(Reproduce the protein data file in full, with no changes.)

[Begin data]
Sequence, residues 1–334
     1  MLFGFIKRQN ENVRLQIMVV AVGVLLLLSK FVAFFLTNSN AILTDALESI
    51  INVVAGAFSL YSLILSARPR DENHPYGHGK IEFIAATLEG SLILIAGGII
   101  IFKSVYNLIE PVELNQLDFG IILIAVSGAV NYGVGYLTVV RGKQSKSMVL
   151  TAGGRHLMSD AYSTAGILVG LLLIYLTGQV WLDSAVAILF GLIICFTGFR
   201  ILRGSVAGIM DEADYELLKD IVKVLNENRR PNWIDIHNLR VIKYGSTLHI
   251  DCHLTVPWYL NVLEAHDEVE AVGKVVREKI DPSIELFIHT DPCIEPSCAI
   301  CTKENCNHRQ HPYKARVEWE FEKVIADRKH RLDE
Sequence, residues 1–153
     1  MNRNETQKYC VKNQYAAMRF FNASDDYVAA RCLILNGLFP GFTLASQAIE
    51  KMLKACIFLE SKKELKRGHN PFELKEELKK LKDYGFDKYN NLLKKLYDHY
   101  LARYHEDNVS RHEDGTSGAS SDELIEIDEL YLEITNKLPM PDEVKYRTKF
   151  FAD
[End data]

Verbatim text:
Sequence, residues 1–334
     1  MLFGFIKRQN ENVRLQIMVV AVGVLLLLSK FVAFFLTNSN AILTDALESI
    51  INVVAGAFSL YSLILSARPR DENHPYGHGK IEFIAATLEG SLILIAGGII
   101  IFKSVYNLIE PVELNQLDFG IILIAVSGAV NYGVGYLTVV RGKQSKSMVL
   151  TAGGRHLMSD AYSTAGILVG LLLIYLTGQV WLDSAVAILF GLIICFTGFR
   201  ILRGSVAGIM DEADYELLKD IVKVLNENRR PNWIDIHNLR VIKYGSTLHI
   251  DCHLTVPWYL NVLEAHDEVE AVGKVVREKI DPSIELFIHT DPCIEPSCAI
   301  CTKENCNHRQ HPYKARVEWE FEKVIADRKH RLDE
Sequence, residues 1–153
     1  MNRNETQKYC VKNQYAAMRF FNASDDYVAA RCLILNGLFP GFTLASQAIE
    51  KMLKACIFLE SKKELKRGHN PFELKEELKK LKDYGFDKYN NLLKKLYDHY
   101  LARYHEDNVS RHEDGTSGAS SDELIEIDEL YLEITNKLPM PDEVKYRTKF
   151  FAD